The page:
IRIS: My father was the most difficult person to shop for. Every Christmas and birthday used to be a real challenge. Most of the time, he would go through the motions and unwrap the present, but then left the gift abandoned and still in its box in the living room, until one of us eventually decided to return it to the store we got it from. I don’t know why we even bothered, but somehow it felt wrong to not get him anything. We tried a stereo system, an electric toothbrush, karaoke records, ties, golf accessories, all to no avail.
One year, I went to his office to check what was wrong with his computer and I noticed how extremely uncomfortable his chair was. He had been complaining about back problems, walking somewhat askew, and it was no wonder to me. This chair was probably the same chair he had been using since he opened his practice about 25 years ago. It was an ugly, green, plastic thing that creaked when you sat on it, was duct taped over where the original cushioning used to be and then covered with a throw cushion. My back started hurting after sitting on that chair for just an hour.
“Aha!” I thought. I knew what to get him. I went to Staples, got him a very professional and ergonomic-looking office chair. It had a black leather seat, a breathable mesh back, adjustable height and adjustable arm rests, tilt features–the works. I had it assembled in the store so there would be no fuss putting it together, somehow managed to stuff it into my car (which was no small feat), and rolled it through the streets of Little Tokyo to get it to his office.
“Ha!” I thought, “There’s no returning this.” I told my father he NEEDED to use this chair, if for no other reason but for the sake of his back. I rolled away the green menace and put the new chair in front of his desk. But when I went back to check a few weeks later, of course, the new chair was left abandoned in a far corner of the office and he was back to using the old chair! There was just no winning with him.
EMMIE: I hate having to shop in a hurry, so I keep a Google Docs spreadsheet of gift ideas (yes I am a nerd!!!) for the people I’m supposed to shop for, and try to purchase the stuff way in advance. One year I think I finished in July (this year, I finished 28 hours ago). I list everything that each person likes, so that when it’s time to shop, I don’t have to furrow my brow and try to remember what I should be trolling for.
From reading your question, Elaine, I’ve just realized that everyone on my list is super easy to shop for. They’re either easy to please, or practical. The easy to please folk get their straightforward gifts (cookbooks, jewelry, cute Japanese items, dishware), and the others get Amazon gift cards (I’ve just found out that you can give Visa gift cards too) or gift cards for places where they like shopping. Or they get food that they like. I understand your sentimentality thing, and obviously it’s important to your husband that you find the right gift for him. I’m picky as well, but I’d prefer to receive boring, practical gifts over gifts that I don’t want (even if the person put thought into it).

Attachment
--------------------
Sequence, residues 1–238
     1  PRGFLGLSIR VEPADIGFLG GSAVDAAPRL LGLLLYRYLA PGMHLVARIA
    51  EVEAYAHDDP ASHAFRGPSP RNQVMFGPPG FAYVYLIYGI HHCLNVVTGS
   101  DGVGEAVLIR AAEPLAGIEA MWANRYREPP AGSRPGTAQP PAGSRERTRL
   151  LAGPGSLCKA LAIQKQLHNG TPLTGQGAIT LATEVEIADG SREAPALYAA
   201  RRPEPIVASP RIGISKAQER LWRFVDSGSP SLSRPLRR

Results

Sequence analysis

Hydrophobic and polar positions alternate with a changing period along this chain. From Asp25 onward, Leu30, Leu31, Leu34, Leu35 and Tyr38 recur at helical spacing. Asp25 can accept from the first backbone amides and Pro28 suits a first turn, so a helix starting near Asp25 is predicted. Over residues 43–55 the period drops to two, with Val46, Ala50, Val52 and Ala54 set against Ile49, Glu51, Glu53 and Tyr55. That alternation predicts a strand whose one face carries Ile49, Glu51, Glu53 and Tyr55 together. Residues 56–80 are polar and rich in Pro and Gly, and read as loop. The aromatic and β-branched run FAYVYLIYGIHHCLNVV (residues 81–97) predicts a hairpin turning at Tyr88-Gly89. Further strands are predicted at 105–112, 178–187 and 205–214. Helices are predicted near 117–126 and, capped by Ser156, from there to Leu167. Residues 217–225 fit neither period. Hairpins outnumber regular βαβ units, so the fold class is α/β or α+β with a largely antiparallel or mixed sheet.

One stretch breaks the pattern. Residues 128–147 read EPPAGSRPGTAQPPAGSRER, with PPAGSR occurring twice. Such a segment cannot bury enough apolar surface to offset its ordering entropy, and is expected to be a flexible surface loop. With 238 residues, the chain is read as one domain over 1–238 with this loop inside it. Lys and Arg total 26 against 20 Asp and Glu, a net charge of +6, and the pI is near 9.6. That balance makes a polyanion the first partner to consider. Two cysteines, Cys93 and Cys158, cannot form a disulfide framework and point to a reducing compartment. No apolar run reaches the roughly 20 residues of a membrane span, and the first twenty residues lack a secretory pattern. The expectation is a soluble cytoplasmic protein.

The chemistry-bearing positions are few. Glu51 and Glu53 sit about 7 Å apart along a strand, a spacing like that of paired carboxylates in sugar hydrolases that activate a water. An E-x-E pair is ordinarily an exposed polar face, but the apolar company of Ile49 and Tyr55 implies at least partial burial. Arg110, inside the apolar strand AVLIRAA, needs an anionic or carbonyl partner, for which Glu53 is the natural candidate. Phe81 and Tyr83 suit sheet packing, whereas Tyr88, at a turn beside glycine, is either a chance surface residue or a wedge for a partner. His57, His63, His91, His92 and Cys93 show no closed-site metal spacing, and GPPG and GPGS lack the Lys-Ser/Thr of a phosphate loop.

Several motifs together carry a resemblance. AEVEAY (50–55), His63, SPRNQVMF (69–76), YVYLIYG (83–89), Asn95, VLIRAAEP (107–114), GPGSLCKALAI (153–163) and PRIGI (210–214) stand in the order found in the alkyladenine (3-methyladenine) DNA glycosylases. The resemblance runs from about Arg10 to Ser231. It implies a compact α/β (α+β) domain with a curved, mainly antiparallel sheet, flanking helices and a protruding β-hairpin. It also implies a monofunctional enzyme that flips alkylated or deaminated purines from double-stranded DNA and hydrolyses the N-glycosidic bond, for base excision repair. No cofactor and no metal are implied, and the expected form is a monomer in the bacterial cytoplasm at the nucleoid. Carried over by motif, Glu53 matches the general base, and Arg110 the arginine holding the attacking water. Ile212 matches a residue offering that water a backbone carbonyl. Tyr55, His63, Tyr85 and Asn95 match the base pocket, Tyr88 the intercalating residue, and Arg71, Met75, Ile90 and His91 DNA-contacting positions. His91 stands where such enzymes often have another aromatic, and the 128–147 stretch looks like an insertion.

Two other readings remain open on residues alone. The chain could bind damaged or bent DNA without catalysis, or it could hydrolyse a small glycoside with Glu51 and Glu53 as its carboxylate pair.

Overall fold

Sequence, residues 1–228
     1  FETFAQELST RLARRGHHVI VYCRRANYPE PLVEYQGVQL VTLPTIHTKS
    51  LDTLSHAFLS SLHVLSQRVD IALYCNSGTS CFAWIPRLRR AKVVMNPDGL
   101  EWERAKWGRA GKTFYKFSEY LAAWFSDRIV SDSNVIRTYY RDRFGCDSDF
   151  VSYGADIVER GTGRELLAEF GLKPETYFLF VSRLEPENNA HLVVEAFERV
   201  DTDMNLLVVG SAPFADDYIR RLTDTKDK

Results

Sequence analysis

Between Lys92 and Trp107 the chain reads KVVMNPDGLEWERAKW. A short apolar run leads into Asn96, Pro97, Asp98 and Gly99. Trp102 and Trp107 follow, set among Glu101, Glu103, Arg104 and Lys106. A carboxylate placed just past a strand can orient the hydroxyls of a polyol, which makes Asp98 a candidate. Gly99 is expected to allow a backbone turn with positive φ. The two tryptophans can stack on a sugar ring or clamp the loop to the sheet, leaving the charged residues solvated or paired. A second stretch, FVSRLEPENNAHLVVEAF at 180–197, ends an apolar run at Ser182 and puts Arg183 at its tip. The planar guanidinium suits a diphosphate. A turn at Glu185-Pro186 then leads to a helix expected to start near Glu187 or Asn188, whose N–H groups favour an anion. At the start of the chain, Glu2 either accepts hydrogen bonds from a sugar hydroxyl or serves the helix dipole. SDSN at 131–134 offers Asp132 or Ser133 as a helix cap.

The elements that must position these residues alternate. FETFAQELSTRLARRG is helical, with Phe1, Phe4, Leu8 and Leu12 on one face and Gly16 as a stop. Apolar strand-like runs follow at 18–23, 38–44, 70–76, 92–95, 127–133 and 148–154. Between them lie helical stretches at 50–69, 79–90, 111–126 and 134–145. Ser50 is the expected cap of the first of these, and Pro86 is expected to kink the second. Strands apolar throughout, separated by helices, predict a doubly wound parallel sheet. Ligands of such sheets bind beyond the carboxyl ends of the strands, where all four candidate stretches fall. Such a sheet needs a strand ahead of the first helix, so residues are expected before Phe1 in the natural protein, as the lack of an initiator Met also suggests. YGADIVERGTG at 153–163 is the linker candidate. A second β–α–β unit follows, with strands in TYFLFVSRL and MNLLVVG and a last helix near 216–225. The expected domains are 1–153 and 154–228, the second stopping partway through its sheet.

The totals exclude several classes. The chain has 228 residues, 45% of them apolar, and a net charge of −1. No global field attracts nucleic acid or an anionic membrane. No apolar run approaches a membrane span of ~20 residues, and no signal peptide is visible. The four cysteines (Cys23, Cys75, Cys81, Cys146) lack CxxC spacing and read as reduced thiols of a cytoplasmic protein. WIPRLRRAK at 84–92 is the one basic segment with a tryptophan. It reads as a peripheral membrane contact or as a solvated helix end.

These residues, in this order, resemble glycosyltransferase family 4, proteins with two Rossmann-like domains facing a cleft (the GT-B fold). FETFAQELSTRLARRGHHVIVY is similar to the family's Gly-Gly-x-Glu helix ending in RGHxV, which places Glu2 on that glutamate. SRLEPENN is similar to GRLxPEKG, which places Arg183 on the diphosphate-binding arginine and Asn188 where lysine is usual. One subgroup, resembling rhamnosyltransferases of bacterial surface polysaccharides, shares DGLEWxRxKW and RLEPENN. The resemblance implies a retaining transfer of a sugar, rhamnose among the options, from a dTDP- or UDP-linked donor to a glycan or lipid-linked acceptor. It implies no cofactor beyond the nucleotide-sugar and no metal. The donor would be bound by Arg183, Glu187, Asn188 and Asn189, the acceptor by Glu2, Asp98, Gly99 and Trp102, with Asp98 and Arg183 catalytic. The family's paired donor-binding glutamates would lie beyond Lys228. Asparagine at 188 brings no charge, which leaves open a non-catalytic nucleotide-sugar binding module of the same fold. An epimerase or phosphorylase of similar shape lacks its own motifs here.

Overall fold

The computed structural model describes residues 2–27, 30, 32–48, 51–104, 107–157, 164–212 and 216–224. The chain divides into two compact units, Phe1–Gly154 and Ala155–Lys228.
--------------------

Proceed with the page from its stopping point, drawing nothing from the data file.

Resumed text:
For your husband, you might want to take little shopping excursions to random countries (no problemo! I know you’re not busy at your job or anything), and/or invest some time (maybe a couple of hours each month) looking through design blogs – they’re always full of awesome links and websites. You’d find great stuff that way. Also, it might be handy to keep a list of shops in LA that carry unusual and excellent gifts.
The best gift I ever received was from my little sister. I think I’ve already told this story somewhere on this blog before, but I’ll go ahead and repeat myself.
I was a teenager, and had just read about the all-new Gillette Sensor for women. It sounded awesome, since back in the day, razors sucked hardcore a** and I was always shaving off parts of my skin. I told Annie about this incredible new razor that was touted to shave your legs with no painful cuts. The designer had perfected it by shaving her own legs in a careless, sloppy hurry until she received zero nicks from her shaving. In the article, she said that she had cut herself a bazillion times. Thank you, thank you, nameless Gillette Sensor for Women razor designer!
Sorry, I digress. Anyway, I forgot about the razor (wasn’t sure when it was being released). On my birthday a while later, I unwrapped Annie’s present and found a beautiful new green razor. It was fantastic. Annie was 8 at the time, and I was very touched that she had remembered my enthusiasm, gathered together 3 dollars, and biked down to the grocery store to make the purchase.
Years later, she also bought me an iPod. She’s good at identifying stuff that I need and would want, before I know that I want it. Thank you, Annie.
Not sure about the best/most thoughtful gift I’ve ever given. My memory is pretty bad, so I can’t remember what I’ve given people in the past. Off the top of my head, I recall that I used to do paintings for people. One painting took me 100 hours, I think. It was a bit of a disaster, though, so I wouldn’t call that a great gift.
ANSON: Finding the perfect gift takes a lot of brain power and sometimes an even thicker wallet. But I remember when I was in bootcamp we couldn’t really buy things to send but cards from the base exchange and for some reason they only had “Get Well Soon” cards. I’d have to cross out the messages like “Feel Better” and write “Happy Birthday”. But the rest of the message would make sense. “We’re thinking about you”. And I’d change “ Hope for a speedy recovery” to “ Hope for a drunken celebration”. And this may sound nerdy but I use to top it off with my own personal poem. Usually a 6-10 liner and just ridiculously creative. Poems were sorta my thing back then. My friends loved them because they looked so ghetto but so funny. So to this day, when I give anyone a card, I always give them the wrong occasion on purpose and tell them it was the cheapest one on sale.
DHH: I’m finding this a tough one to answer. Maybe I’m ultimately not so into gifts — at least, not the kind you can wrap for the holidays. If anything, I treasure experiences, which hopefully become happy memories. I remember trips I took with my parents & siblings, as well as with girlfriends, the girl I eventually married, and my own family. And, this may be rather off-topic, but there are the times when amazing people have given me gifts that have helped me do my work: producer Joe Papp giving me my first production, former NY Times head critic Frank Rich supporting my more recent plays, etc. I am deeply moved and grateful for such generosity. This year, my family is gifting me a renovation of my home office, which kinda brings together experiences, work, and the holiday. So this might end up being my favorite gift yet!